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By David L. Silverman, JD, LLM, Law Offices of David L. Silverman

The Tax Court, deciding in favor of the IRS, held in Pope & Talbot, Inc., v. Com, 104 TC __, No. 29 (May 8, 1995), that a corporation which distributed discrete partnership units of property composed of timber and resort interests in the Northwest, must recognize distribution gain under IRC Sec. 311(d) as if it had instead sold the entire interest to a single hypothetical purchaser. The taxpayer had argued that the fair market value (FMV) of the distributed property for purposes of determining IRC Sec. 311 gain must be equal to the sum of the distributed partnership interests, which were publicly traded on the date of distribution.

The Facts

The commissioner proposed an $18.7 million deficiency determination against Pope & Talbot (P&T) for the 1985 and 1986 taxable years, alleging that P&T had incorrectly calculated the corporation's gain under IRC Sec.31(d). [IRC Sec. 311(d) was amended in 1986 and is now IRC Sec. 311(b).]

P&T had, in 1985, contributed its timber, land development, and resort business to a newly formed Delaware limited partnership. Immediately thereafter, the partnership interests (units) were distributed pro rata to P&T's shareholders. The transaction was similar to a IRC Sec. 355 spin-off, except that the equity interests were those of a newly created partnership.

The units were publicly traded on the Pacific Stock Exchange at $11.50 on the date of distribution. Based on this price, P&T had calculated the FMV of the sum of distributed partnership units (factoring in distributed partnership debt) to be $40.3 million. Each shareholder was issued a Form 1099 reflecting those figures for purposes of reporting IRC Sec. 301 dividend gain.

In calculating its $40.3 million corporate gain, P&T advanced a legal theorem referred to throughout its legal brief as the "equality principle," This theorem provided as follows:

The FMV of the property for purposes of calculating P&T's gain under IRC Sec. 311, was unknown. However, the FMV of distributed property for purposes of calculating shareholder gain under IRC Sec. 301, was known to be $40.3 million. P&T then postulated that (3) the FMV of the distributed partnership units for purposes of IRC Sec. 301 must equal the FMV of the same property for purposes of IRC Sec. 311. Therefore, P&T concluded, (4) the FMV of the distributed property for purposes of IRC Sec. 311 was $40.3 million.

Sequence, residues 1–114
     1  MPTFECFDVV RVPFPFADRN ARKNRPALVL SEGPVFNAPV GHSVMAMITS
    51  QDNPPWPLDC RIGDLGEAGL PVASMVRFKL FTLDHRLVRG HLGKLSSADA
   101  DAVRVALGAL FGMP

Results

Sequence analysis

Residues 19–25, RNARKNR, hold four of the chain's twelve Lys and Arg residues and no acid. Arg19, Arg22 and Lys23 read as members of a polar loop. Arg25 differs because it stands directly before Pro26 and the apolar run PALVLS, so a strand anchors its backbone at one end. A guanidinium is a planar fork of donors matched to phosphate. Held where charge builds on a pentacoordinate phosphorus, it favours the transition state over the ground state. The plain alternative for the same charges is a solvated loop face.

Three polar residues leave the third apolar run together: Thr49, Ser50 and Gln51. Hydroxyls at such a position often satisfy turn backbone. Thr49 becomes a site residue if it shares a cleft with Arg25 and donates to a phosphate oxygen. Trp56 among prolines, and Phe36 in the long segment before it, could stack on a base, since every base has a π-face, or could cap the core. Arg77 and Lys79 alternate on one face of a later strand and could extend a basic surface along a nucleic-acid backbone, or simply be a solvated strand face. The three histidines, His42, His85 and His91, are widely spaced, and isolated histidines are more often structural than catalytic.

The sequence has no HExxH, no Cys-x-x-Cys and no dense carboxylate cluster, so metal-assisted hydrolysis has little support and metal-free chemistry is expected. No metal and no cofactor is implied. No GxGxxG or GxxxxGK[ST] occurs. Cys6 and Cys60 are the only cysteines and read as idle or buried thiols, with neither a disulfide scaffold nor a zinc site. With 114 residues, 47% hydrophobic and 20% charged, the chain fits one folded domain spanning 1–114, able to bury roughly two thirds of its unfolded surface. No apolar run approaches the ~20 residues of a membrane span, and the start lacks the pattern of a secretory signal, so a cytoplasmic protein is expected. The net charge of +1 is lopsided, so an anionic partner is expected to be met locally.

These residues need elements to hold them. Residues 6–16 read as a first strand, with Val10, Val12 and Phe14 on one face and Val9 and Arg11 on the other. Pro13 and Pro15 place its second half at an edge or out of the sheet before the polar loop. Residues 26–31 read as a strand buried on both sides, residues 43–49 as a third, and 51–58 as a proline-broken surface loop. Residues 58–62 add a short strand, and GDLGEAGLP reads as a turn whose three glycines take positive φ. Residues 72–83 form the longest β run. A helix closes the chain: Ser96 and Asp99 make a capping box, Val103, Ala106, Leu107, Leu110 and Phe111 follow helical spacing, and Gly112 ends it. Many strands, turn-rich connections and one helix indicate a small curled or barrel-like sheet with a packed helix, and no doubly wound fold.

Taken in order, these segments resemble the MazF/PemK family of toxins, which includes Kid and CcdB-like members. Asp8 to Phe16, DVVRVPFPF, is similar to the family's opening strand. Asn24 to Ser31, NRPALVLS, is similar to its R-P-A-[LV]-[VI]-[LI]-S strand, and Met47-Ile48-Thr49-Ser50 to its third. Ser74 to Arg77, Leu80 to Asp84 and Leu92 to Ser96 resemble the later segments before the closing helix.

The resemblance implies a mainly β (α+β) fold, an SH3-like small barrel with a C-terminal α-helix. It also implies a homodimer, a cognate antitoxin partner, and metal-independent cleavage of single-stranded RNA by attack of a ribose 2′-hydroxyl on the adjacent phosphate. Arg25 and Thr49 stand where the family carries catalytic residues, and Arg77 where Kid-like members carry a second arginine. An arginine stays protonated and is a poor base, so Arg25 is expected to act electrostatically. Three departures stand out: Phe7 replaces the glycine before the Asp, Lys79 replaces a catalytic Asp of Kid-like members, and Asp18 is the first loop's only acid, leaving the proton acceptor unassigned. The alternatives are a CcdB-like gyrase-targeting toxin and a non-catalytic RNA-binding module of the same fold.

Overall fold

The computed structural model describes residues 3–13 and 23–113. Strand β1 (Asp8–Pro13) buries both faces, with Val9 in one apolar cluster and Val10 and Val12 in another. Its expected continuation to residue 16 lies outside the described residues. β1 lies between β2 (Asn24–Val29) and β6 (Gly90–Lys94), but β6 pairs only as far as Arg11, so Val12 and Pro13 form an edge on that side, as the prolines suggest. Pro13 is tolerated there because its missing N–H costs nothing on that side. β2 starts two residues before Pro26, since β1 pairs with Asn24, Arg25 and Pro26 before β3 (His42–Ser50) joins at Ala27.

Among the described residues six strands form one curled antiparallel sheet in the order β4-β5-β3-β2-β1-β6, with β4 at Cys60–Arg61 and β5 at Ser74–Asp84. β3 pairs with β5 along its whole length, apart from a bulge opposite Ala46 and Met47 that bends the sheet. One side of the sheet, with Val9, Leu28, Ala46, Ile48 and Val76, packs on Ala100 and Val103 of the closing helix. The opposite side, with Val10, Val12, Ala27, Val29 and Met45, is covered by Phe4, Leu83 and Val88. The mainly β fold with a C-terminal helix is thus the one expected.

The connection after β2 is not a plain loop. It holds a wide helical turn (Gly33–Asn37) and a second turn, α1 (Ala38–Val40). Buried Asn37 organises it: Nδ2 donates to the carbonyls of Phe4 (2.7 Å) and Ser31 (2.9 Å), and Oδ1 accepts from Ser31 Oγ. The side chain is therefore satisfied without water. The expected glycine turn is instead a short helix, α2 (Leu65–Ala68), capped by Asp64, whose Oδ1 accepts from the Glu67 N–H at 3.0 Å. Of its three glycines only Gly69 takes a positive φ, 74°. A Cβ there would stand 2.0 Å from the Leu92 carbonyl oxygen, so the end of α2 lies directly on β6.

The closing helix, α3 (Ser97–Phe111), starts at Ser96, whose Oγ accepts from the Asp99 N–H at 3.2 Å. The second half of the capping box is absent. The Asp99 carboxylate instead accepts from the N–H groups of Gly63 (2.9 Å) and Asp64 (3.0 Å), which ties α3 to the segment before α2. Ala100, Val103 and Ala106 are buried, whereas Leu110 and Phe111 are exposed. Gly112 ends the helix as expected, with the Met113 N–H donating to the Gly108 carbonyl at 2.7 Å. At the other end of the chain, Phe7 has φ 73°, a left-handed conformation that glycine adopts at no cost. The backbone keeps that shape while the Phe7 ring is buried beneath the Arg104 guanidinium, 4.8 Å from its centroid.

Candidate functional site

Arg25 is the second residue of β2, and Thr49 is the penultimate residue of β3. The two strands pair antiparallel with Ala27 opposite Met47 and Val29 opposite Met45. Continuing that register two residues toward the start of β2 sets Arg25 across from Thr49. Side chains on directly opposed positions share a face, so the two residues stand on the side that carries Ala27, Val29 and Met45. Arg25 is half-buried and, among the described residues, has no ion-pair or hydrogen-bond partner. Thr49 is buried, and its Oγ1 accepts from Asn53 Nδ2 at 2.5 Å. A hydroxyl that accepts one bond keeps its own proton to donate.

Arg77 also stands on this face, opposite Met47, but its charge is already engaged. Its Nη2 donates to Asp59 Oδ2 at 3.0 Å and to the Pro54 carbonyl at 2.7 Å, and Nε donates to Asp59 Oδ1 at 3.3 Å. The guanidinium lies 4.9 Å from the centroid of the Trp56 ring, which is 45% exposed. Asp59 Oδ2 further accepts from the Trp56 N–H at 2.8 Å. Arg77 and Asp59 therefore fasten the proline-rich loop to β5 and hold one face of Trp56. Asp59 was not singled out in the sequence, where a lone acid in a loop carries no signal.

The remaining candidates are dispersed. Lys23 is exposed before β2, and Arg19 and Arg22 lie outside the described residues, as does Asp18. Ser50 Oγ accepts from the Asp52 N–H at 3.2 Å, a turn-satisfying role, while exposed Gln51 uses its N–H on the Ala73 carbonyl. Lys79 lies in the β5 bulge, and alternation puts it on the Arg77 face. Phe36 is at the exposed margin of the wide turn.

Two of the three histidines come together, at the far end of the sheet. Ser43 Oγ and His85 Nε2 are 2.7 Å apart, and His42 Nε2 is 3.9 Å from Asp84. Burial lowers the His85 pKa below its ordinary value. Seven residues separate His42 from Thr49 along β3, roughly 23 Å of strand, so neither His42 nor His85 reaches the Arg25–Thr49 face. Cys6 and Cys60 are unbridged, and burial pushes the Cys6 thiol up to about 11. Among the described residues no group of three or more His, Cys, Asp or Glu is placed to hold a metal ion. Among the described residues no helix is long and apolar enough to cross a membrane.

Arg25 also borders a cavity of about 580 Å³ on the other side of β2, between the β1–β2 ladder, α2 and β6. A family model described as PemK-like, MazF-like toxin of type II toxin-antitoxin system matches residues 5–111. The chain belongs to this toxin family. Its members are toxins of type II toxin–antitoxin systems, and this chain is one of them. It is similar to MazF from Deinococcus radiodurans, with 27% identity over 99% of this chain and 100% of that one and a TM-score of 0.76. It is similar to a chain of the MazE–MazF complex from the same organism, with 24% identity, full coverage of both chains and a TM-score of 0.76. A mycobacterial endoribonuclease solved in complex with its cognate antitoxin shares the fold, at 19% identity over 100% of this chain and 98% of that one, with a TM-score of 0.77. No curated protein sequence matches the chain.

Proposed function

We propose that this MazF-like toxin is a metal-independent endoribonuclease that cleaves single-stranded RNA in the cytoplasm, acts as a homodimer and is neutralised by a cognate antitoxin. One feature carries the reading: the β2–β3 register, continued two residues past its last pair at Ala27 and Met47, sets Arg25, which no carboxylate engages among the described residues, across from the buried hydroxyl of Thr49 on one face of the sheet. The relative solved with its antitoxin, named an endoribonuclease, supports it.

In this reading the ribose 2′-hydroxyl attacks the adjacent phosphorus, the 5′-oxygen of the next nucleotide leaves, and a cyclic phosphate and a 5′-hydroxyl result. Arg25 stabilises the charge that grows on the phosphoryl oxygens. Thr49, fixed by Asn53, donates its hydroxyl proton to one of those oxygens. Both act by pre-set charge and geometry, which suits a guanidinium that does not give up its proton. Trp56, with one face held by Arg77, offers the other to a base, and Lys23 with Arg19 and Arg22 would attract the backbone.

P&T, in its Memorandum in Support of Motion for Summary Adjudication, moved for an order ruling that the FMV of the distributed property for purposes of determining P&T's amount realized under IRC Sec. 311(d) was equal to the FMV of the property distributed to its shareholders under IRC Sec. 301. P&T then asserted that the inviolability of the equality principle was demonstrated by the "symmetrical" nature of IRC Secs. 301, 311, and 1001. By reason of this symmetry, P&T concluded that the term FMV was identical for purposes of IRC Secs. 301, 311, and 1001.

The IRS also moved for summary adjudication, requesting an order finding that P&T's gain on the distribution of the timber and resort properties was to be determined as if P&T had sold its interest in those properties at FMV on the date of distribution. The IRS disputed the legitimacy of P&T's equality principle, insisting that the price of the partnership units was irrelevant in determining gain. The IRS calculated the gain on distribution to be $115 million, based on the FMV of the underlying resort and timber properties.

The Court's Decision on the Motions

The Tax Court, per Judge Ruwe, issued an order on May 8, 1995, denying P&T's motion and granting the IRS's motion. The court's opinion (which accompanied the order) characterized the issue before it as one of "first impression," and found resort to the legislative history of the statute necessary since the court was unable to "achieve...certainty based on the language of the statute." After reviewing the legislative history of IRC Sec. 311, the court observed the following:

It is apparent that the purpose underlying IRC Sec. 311(d) was to tax the appreciation in value that occurred while the corporation held the property and to prevent a corporation from avoiding tax on the inherent gain by distributing such property to its shareholders...It follows that we must focus on the value of the Washington properties as owned by petitioner and value them as if petitioner had sold them at fair market value at the time of distribution.

The court also remarked that "theoretically" the partnership could have sold the property at fair market value and then distributed the proceeds. If this had been done, the court continued, the shareholders would then have been able to realize a "proportionate share" of the full FMV of the property distributed. The court failed, however, to elaborate upon the legal significance of this theoretical observation, a failure made even more puzzling given the court's acknowledgement (in a footnote dropped in the same paragraph) that "the board of directors that recommended the plan owed a fiduciary duty to act in the best interests of the shareholders."